On Sunday the New York Times published a report, China Outpaces U.S. in Cleaner Coal-Fired Plants, which documented China’s transition to cleaner forms of energy. Although much of China’s energy needs are still met by inefficient coal-fired power stations with poor track records in terms of emissions, China has begun to invest heavily in cleaner coal technology with a view to improving efficiency and reducing emissions. The effect of this transition is already being taken into account by climate forecasters.
China’s improvements are starting to have an effect on climate models. In its latest annual report last November, the I.E.A. cut its forecast of the annual increase in Chinese emissions of global warming gases, to 3 percent from 3.2 percent, in response to technological gains, particularly in the coal sector, even as the agency raised slightly its forecast for Chinese economic growth. “It’s definitely changing the baseline, and that’s being taken into account,” said Jonathan Sinton, a China specialist at the energy agency
Buried innocuously in the middle of this report was the startlingly frank statement of Cao Peixi, president of the China Huaneng group, China’s largest state-owned electric company:
“We shouldn’t look at this project from a purely financial perspective,” he said. “It represents the future.”
The $64,000 question facing economists and politicians across the world is how to make decisions that take into account the big picture beyond the “purely financial perspective.” The classical economic models that have been adopted in the West in the modern period find this a hard question to answer. The reason for this is that they are rooted in an enlightenment view of the self as an autonomous, rational individual. This view of the self is at best a philosophical ideal. It does not take into account the fact that humans are social creatures who make decisions based on the welfare of others as well as themselves. Neither does it take into account the fact that humans do not always make rational decisions.
The recent field of behavioural economics aims to address this latter question by studying how people actually make decisions. In so doing it aims to put economics on a hard factual footing rather than being based on assumptions of what ideally human beings are supposed to do.
The more intriguing question is how we take into account the temporal question. Conventional economics and democratic theory operate by considering the needs and interests of adult individuals. But how do we take into account the needs of those who have not yet been born when making decisions that will clearly affect them?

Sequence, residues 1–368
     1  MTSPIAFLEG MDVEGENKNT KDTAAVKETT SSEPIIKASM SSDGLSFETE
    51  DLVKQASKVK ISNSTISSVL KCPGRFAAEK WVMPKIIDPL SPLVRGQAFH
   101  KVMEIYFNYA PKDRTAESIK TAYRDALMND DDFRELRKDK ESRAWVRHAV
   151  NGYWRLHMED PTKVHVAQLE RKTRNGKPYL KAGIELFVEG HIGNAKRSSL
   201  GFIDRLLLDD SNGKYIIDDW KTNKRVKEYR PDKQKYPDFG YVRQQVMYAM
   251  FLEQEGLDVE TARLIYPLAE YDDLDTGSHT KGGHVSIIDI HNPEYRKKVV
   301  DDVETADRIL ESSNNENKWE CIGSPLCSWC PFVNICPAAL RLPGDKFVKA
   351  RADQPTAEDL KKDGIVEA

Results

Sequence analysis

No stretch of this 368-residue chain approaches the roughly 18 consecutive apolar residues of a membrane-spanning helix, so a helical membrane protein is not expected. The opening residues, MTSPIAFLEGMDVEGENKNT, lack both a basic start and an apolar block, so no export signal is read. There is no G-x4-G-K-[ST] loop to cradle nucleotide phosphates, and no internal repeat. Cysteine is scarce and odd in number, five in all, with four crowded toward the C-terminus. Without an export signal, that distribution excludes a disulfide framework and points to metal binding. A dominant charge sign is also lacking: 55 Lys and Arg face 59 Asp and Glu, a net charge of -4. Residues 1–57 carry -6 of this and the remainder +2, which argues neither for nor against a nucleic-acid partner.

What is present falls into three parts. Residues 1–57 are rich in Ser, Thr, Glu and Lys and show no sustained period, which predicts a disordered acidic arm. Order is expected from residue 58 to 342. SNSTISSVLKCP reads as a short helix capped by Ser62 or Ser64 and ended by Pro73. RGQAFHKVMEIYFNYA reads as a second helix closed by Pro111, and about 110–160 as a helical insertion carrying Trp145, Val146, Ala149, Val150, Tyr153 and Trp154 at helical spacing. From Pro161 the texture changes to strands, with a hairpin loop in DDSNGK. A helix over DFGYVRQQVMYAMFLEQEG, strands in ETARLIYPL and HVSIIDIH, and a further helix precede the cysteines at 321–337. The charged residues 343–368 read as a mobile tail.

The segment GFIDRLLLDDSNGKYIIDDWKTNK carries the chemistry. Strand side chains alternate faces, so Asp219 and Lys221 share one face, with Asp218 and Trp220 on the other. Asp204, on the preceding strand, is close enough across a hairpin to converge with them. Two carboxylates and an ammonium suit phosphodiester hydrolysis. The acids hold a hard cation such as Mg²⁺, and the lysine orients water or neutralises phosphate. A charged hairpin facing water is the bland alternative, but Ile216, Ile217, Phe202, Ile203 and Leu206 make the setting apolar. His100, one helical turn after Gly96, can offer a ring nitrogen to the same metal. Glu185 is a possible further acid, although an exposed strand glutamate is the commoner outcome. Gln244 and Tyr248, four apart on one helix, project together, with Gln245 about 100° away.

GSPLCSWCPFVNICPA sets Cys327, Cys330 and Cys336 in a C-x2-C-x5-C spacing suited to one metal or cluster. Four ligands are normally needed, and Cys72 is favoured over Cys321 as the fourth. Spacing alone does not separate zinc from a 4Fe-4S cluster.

And from a Confucian perspective, the intriguing question is also the extent to which the living should honour the memory and respect the interests of the deceased.
Taking into account the interests of ancestors as well as future generations reveals the Confucian view of the self, a self that is not wholly autonomous but a self that is implicated in a genealogy of filial relationships. To the question, “Who am I?” the Confucian answers, “I am the child of my parents and the parent of my children.”
The question facing China’s intellectuals at the moment is how to take this model of the self into account when it comes economics and politics. Consider Daniel Bell’s report of the views of a leading Confucian intellectual, Jiang Qing:
[Jiang] argues for a democratic institution that would offer more opportunities for political participation, while criticizing democracy for being too narrowly focused on the interests of the current generation of voters.
Jiang proposes another political institution designed to represent non-voters whose interests are typically neglected in democratic states, such as foreigners, future generations and ancestors. Is democracy really the best way to protect future victims of global warming, he asks?
The reality of global climate change is forcing people across the world to realize that economic or political decisions based solely on the interests of individual living humans are ultimately doomed to failure.
Currently, the British parliamentary system is gripped by the question of MPs’ fiddling their expenses, while Canada holds an inquiry into former prime minister Brian Mulroney’s shady financial dealings. Both these scandals demonstrate that we are obsessed with personal moral failings.
But surely these pale in comparison to the moral failure of the Iraq war, and our moral failure to grapple with the devastation of the environment.